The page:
The Fixed-Point Tool analyzes the scaling of all fixed-point blocks whose Lock output data type setting against changes by the fixed-point tools parameter is not selected.

    The Fixed-Point Tool uses the default proposal settings to propose data types with 16-bit word length and best-precision fraction length and updates the results in the spreadsheet.

    You can edit the proposal settings by clicking the Settings button in the Convert section of the toolstrip before proposing types.

  2. The tool displays the proposed data types in the ProposedDT column in the spreadsheet.

    By default, it selects the Accept check box for each result where the proposed data type differs from the current data type of the object. If you apply data types, the tool applies these proposed data types to the system under design.

  3. Examine the results to resolve any issues and to ensure that you want to accept the proposed data type for each result. The Visualization of Simulation Data pane indicates results that would contain overflows or underflows with a red or yellow triangle, respectively. Underflows can be sources of numerical issues, but can sometimes be safely ignored.

    The Fixed-Point Tool indicates results whose proposed data type conflicts with another type with a red icon . In this example, no results contain conflicts. For more information, see Examine Results to Resolve Conflicts.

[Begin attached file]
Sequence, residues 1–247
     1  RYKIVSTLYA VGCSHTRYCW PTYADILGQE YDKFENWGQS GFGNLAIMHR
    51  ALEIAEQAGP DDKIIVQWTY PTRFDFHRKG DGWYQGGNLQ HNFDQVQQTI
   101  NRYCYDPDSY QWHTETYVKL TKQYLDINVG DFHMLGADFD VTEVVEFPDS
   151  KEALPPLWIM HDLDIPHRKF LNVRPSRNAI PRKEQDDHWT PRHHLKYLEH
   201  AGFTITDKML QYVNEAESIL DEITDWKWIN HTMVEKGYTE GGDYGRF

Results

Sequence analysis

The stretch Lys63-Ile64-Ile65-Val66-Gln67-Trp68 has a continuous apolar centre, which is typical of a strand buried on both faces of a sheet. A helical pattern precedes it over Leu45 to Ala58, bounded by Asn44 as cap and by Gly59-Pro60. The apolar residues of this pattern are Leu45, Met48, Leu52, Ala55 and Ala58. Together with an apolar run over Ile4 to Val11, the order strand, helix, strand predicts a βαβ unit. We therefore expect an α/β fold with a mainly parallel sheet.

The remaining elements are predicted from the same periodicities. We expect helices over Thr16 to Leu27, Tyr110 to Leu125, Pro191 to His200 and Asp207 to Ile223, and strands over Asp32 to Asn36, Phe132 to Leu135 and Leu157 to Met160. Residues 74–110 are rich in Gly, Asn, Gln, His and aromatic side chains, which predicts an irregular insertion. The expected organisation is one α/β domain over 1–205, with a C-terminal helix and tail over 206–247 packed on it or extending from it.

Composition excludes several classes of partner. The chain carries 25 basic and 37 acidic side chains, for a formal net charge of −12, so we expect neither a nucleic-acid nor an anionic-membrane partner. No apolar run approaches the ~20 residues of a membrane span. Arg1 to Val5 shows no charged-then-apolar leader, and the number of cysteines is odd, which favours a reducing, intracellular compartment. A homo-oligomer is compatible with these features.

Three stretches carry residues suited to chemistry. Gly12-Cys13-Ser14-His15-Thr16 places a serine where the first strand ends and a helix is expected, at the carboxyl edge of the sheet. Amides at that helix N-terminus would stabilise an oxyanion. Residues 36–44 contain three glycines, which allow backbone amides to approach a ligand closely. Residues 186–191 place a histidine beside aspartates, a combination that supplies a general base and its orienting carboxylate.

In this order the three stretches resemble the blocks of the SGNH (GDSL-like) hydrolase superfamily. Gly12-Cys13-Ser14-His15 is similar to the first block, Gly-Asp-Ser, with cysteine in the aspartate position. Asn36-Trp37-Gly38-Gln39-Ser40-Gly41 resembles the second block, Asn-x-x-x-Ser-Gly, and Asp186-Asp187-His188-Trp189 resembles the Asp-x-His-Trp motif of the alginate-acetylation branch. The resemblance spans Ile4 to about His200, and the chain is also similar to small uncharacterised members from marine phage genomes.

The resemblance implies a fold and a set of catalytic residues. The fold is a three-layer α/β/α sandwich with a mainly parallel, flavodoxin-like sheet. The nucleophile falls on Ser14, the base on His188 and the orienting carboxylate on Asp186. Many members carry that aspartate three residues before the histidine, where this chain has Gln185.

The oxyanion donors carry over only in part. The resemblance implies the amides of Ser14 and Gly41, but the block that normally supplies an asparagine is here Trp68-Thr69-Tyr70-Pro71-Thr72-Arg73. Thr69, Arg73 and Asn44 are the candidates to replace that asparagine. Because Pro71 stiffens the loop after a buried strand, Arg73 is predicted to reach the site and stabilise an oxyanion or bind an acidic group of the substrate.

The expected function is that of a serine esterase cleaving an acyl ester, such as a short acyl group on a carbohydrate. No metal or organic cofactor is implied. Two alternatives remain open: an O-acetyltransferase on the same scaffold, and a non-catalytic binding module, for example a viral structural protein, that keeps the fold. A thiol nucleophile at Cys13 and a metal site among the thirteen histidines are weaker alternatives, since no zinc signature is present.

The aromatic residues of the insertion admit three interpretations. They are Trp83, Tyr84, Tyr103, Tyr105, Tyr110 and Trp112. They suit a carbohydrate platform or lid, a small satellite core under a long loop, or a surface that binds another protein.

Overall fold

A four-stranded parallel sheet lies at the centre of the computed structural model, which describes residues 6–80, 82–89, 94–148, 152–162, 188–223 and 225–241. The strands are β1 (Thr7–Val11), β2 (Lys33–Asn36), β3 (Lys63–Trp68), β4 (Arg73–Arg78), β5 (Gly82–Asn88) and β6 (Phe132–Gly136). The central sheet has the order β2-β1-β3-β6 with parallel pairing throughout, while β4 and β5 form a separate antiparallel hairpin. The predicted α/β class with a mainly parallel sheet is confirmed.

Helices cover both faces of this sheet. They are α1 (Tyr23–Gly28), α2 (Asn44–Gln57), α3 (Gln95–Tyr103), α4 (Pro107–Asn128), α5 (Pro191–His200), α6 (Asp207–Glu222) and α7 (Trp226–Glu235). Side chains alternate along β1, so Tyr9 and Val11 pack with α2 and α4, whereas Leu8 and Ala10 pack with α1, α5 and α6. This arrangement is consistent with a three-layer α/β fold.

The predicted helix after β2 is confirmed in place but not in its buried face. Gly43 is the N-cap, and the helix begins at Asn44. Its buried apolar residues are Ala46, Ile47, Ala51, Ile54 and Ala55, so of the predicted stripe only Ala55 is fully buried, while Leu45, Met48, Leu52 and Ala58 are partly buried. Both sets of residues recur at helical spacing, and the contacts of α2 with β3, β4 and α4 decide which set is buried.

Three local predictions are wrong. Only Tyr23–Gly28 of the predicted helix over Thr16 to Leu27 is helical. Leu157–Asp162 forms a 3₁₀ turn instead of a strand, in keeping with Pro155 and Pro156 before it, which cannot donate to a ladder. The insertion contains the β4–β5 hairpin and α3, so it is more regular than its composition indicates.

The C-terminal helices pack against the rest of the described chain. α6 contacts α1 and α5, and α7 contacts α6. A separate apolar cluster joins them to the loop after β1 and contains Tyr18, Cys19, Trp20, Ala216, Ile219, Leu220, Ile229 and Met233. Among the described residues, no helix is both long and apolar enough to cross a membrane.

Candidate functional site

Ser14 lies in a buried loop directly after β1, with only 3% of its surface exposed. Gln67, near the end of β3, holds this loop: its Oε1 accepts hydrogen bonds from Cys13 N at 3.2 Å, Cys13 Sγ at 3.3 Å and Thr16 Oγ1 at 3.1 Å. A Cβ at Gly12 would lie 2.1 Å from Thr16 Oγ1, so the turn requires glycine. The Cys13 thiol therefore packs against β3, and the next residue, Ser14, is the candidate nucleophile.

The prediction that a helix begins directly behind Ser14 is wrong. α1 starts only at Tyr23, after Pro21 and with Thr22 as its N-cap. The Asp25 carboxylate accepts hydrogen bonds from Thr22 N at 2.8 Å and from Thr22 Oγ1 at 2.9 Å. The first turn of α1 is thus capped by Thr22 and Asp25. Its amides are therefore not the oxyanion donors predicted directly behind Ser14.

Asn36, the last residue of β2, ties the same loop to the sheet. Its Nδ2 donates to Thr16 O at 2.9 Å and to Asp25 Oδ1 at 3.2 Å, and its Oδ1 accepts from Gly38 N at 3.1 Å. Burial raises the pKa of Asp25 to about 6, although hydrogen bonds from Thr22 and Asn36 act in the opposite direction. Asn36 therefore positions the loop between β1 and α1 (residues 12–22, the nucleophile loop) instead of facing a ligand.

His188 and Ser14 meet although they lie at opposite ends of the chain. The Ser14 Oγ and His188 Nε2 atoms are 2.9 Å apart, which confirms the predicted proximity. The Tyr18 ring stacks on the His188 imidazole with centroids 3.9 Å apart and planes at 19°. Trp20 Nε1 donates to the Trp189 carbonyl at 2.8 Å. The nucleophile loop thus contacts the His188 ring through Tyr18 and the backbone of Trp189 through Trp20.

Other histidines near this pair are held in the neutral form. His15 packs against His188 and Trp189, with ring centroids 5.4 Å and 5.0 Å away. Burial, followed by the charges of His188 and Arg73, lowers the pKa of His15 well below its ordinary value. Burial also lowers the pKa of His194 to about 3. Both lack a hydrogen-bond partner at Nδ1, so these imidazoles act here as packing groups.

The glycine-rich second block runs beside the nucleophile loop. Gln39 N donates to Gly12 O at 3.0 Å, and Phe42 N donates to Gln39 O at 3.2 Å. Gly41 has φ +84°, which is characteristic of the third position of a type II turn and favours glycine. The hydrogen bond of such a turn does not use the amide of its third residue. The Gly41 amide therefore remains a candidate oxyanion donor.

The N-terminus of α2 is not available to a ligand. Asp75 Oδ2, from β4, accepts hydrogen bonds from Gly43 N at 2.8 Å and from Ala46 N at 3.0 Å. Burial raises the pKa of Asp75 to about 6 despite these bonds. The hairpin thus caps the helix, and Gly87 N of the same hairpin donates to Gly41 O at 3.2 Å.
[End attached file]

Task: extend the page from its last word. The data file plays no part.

4. After reviewing the results and ensuring that there are no issues, you are ready to apply the proposed data types to the model. Click Apply Data Types to write the proposed data types to the model.

    The Fixed-Point Tool applies the data type proposals to the blocks in the system under design.

Verify New Settings

Next, simulate the model again using the new fixed-point settings. You then use the Simulation Data Inspector plotting capabilities to compare the results from the floating-point BaselineRun run with the fixed-point results.

  1. Click Simulate with Embedded Types. The Fixed-Point Tool simulates the model using the new fixed-point data types and stores the run information in a new run titled EmbeddedRun.

    Afterward, the Fixed-Point Tool displays information about blocks that logged fixed-point data. The CompiledDT column for the run shows that the Controller Subsystem blocks use the new fixed-point data types.

  2. Examine the histograms in the Visualization of Simulation Data pane to verify that there are no overflows or saturations. Overflows and saturations are marked with a red triangle .

  3. The workflow browser indicates that all signals for which you specified tolerances passed.

  4. Click Compare Results to open the Simulation Data Inspector. In the Simulation Data Inspector, select one of the logged signals to view the fixed-point simulation behavior.